• Smurf - The same thing as a Fraggle attack, which uses UDP packets, except that Smurf uses ICMP packets. Essentially, the attacker impersonates the server to be attacked, and sends pings on its behalf to other networks. The victim is flooded with responses. This reference indicates that this can be an obsolete attack if servers are configured to refuse this kind of traffic, but a large enough volume of it would still be a problem.
    • Fragmentation attack - This attack requires that the attacking packets be segmented (broken into smaller pieces) in a way that prevents their nature from being recognized by network or server defenses. The attack only takes place when the segments are reassembled into the actual payload the attacker meant to send.
  • banners - Banners are default messages sent by a web server in response to a telnet request. When they were invented, their purpose was to make connection to the server easier. Obviously, this was not considered from a defensive point of view. Page 218 shows us a typical banner that displays a server's IP address, its default page, and other general information. This information can be changed by an administrator. The image below depicts the result I received from a quick attempt to read the banner of the main Baker web server.

    As you can see, I saw an IP address and a URL, but I could have gotten that less intrusively. Also, there was no banner from the server.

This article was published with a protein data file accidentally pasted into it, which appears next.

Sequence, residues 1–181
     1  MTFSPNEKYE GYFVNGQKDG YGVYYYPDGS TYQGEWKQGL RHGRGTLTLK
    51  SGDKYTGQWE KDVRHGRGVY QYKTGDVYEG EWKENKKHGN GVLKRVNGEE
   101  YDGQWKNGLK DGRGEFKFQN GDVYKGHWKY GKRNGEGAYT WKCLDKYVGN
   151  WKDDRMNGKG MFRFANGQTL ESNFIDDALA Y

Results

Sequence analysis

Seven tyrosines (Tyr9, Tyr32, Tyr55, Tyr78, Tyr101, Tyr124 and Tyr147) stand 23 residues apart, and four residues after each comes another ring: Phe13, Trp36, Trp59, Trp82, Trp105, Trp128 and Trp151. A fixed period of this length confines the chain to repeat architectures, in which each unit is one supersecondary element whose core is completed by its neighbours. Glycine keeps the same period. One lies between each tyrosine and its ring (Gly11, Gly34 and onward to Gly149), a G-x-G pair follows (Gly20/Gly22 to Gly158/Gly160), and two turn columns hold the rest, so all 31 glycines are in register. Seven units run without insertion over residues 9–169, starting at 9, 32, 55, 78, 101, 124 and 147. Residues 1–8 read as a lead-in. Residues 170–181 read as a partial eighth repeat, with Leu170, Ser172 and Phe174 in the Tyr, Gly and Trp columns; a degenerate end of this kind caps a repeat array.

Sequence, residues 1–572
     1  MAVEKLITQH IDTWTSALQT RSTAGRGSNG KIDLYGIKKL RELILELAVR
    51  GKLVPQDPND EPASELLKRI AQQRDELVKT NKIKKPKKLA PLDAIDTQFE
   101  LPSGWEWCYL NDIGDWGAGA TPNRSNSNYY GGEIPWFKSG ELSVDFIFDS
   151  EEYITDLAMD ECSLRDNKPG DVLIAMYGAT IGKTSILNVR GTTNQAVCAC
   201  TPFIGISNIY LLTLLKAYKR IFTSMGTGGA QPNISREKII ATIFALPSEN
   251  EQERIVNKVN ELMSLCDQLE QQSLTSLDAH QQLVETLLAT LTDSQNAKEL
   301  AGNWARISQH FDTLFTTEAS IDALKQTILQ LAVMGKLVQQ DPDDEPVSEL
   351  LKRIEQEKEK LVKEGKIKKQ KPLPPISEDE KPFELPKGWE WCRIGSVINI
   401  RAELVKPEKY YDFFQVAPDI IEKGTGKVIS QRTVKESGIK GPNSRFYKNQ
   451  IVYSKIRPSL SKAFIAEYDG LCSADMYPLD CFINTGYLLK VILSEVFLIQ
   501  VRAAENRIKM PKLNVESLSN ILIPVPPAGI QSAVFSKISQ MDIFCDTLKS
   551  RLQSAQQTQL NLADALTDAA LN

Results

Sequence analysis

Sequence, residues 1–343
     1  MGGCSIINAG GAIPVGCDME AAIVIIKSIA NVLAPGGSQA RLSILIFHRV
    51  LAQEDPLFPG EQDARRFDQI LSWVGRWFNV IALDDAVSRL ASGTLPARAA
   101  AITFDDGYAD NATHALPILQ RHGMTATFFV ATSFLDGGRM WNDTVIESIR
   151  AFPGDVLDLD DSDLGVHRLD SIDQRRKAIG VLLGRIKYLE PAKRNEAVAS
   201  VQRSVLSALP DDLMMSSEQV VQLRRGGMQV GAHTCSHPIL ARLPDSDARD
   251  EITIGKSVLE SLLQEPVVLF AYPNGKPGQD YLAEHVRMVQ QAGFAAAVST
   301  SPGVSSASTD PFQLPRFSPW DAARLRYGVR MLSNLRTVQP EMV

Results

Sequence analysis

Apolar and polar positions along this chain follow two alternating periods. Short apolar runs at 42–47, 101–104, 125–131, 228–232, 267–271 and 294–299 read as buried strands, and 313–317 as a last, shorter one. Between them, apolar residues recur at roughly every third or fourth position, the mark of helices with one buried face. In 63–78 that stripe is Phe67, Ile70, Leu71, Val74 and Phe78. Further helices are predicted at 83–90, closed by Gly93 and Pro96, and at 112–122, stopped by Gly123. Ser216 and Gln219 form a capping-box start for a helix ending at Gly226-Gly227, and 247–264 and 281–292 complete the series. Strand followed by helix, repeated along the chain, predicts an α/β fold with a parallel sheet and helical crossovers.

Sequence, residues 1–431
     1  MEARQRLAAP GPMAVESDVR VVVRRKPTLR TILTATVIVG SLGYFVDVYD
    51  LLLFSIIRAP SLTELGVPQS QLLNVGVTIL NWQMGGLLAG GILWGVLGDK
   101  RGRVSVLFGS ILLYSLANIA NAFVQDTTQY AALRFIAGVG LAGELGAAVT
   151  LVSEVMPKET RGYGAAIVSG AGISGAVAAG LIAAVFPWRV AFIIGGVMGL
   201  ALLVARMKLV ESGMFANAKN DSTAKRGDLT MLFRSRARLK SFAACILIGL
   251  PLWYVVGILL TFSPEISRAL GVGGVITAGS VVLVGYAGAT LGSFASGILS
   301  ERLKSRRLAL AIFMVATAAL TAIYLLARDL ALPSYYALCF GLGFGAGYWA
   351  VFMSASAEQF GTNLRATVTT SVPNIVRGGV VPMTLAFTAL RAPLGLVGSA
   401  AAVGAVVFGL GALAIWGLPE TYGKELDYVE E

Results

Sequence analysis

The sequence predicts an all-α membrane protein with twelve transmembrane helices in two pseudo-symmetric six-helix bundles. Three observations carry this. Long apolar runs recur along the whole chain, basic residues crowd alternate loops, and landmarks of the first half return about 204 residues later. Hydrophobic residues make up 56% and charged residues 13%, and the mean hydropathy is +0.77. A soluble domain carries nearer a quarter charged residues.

• more general advice - set permissions wisely, do not share error messages with users/hackers, and harden servers by removing services that they do not need to provide

Our author moves on to a short discussion of SQL attacks. (He seems to like to call it "sequel". I have heard it called by its initials more often, but both are correct.) Injecting an operating system command is also possible, as shown in the following video, another selection from Computerphile. This time Dr. Pound discusses what might be happening on the server side when an injection attack takes place.

As the text points out, the defense against injection is to validate the inputs gathered from a user. Don't trust that a user will enter what you ask for. It is more than checking for a valid entry in a web form. It is checking for attacks as well.

For those who want more information about the nature of an SQL attack, in that last video Dr. Pound was pointing us to another Computerphile video containing those details, this one by Tom Scott.

The very destructive attack described by Mr. Scott leads us into the next topic, vandalizing web servers. As you can see in the lists of vulnerabilities and attack vectors on the rest of the pages in this chapter, there are many ways a web server can lose its functions and its contents.

  • We should all be believers in validation of user input at this point.
  • We should hope that web masters scrub their servers, deleting unauthorized scripts regularly. Since this is probably not continuous, and since it will never happen on servers set up by attackers, we have to watch out for scripts running on our computers, provided by web pages.

Use the remainder of the chapter as reference material in your submissions for Assignment 5 and Project 5, assigned this week.


This week Project 4 and Assignment 4 are both due. You need to take the mid-term exam.

Project Part 5 and Assignment 5 will be due in two weeks. Lab 5 is due next week.